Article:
Prime Rate

also known as the Fed, National or United States Prime Rate,
from the interest-rate specialists at www.FedPrimeRate.comSM

Monday, September 23, 2019

FOMC Meeting Schedule for 2020

Here's the 2020 meeting schedule for the Federal Open Market Committee (FOMC.)

Why is this schedule important to you? Because it's at these monetary policy meetings that the FOMC votes on whether to raise, lower or make no changes to the target range for Fed Funds Target Rate, and when the Fed Funds Target Rate changes, the United States Prime Rate (also known as the Fed Prime Rate) will also change (how the United States Prime Rate works):

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  • January 29, 2020

  • March 18, 2020
    (+ Press Conference + Economic Projections)

  • April 29, 2020

  • June 10, 2020
    (+ Press Conference + Economic Projections)

  • July 29, 2020

  • September 16, 2020
    (+ Press Conference + Economic Projections)

  • November 5, 2020

  • December 16, 2020
    (+ Press Conference + Economic Projections)

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Wednesday, September 18, 2019

Sixth FOMC Meeting of 2019 Adjourned: United States Prime Rate Is Lowered To 5.00%

United States Prime Rate lowered to 5.00%
U.S. Prime Rate
The Federal Open Market Committee (FOMC) of the Federal Reserve System has just adjourned its sixth monetary policy meeting of 2019 and, in accordance with our latest forecast, has voted to lower the benchmark target range for the federal funds rate to 1.75% - 2.00%. Therefore, the United States Prime Rate (a.k.a the Fed Prime Rate) is now 5.00%.

NB: U.S. Prime Rate = (The Fed Funds Target Rate + 3)

Here's a clip from today's FOMC press release (note text in bold):

"...Information received since the Federal Open Market Committee met in July indicates that the labor market remains strong and that economic activity has been rising at a moderate rate. Job gains have been solid, on average, in recent months, and the unemployment rate has remained low. Although household spending has been rising at a strong pace, business fixed investment and exports have weakened. On a 12-month basis, overall inflation and inflation for items other than food and energy are running below 2 percent. Market-based measures of inflation compensation remain low; survey-based measures of longer-term inflation expectations are little changed.

Consistent with its statutory mandate, the Committee seeks to foster maximum employment and price stability. In light of the implications of global developments for the economic outlook as well as muted inflation pressures, the Committee decided to lower the target range for the federal funds rate to 1-3/4 to 2 percent. This action supports the Committee's view that sustained expansion of economic activity, strong labor market conditions, and inflation near the Committee's symmetric 2 percent objective are the most likely outcomes, but uncertainties about this outlook remain. As the Committee contemplates the future path of the target range for the federal funds rate, it will continue to monitor the implications of incoming information for the economic outlook and will act as appropriate to sustain the expansion, with a strong labor market and inflation near its symmetric 2 percent objective.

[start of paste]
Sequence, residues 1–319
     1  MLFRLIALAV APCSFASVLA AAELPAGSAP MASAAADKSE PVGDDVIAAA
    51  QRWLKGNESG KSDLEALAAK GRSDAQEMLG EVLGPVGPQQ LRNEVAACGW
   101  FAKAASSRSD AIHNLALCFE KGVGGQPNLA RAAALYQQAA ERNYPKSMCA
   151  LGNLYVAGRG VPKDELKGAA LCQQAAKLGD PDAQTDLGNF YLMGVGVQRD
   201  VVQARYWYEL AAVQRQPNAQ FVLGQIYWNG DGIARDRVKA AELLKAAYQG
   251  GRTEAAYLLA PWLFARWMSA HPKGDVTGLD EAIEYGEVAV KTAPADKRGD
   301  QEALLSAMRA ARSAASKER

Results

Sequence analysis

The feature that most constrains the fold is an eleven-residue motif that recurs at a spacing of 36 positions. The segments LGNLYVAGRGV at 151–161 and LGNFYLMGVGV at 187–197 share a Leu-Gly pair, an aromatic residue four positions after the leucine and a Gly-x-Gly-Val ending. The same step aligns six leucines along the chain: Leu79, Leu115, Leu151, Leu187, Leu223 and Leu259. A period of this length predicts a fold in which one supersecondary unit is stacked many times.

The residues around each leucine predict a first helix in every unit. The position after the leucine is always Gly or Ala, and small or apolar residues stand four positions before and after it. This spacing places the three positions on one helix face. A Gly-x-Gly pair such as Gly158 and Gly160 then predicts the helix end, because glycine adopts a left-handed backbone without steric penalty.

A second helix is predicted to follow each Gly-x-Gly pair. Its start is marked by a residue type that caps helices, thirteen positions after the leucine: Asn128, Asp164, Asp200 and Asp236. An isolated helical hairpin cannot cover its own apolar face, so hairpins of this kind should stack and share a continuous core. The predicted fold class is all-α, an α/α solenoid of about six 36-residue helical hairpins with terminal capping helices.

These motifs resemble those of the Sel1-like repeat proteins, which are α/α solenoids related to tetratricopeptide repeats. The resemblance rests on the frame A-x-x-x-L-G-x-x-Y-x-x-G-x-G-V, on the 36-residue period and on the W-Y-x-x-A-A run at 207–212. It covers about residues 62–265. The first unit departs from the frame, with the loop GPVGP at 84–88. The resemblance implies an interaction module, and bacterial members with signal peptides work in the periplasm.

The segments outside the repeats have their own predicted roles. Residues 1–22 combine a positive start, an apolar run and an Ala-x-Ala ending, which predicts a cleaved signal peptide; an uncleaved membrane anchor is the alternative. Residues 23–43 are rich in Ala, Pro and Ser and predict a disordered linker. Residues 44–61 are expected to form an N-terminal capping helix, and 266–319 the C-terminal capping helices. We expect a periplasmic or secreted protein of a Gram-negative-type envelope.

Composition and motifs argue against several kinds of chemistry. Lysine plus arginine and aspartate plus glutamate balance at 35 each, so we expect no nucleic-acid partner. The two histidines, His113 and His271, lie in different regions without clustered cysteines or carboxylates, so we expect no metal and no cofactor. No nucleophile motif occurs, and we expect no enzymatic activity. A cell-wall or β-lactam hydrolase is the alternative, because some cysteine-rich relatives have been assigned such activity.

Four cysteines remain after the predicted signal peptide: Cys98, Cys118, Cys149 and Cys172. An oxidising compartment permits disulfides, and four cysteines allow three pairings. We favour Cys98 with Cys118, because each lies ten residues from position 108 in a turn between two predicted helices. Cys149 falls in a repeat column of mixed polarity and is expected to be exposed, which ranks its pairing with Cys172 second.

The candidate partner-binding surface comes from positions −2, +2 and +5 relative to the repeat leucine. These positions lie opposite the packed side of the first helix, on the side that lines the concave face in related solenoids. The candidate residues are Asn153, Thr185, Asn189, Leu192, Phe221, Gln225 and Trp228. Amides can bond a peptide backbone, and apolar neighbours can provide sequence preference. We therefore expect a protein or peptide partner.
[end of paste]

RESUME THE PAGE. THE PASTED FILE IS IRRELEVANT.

In determining the timing and size of future adjustments to the target range for the federal funds rate, the Committee will assess realized and expected economic conditions relative to its maximum employment objective and its symmetric 2 percent inflation objective. This assessment will take into account a wide range of information, including measures of labor market conditions, indicators of inflation pressures and inflation expectations, and readings on financial and international developments.

Voting for the monetary policy action were Jerome H. Powell, Chair, John C. Williams, Vice Chair; Michelle W. Bowman; Lael Brainard; Richard H. Clarida; Charles L. Evans; and Randal K. Quarles. Voting against the action were James Bullard, who preferred at this meeting to lower the target range for the federal funds rate to 1-1/2 to 1-3/4 percent; and Esther L. George and Eric S. Rosengren, who preferred to maintain the target range at 2 percent to 2-1/4 percent..."

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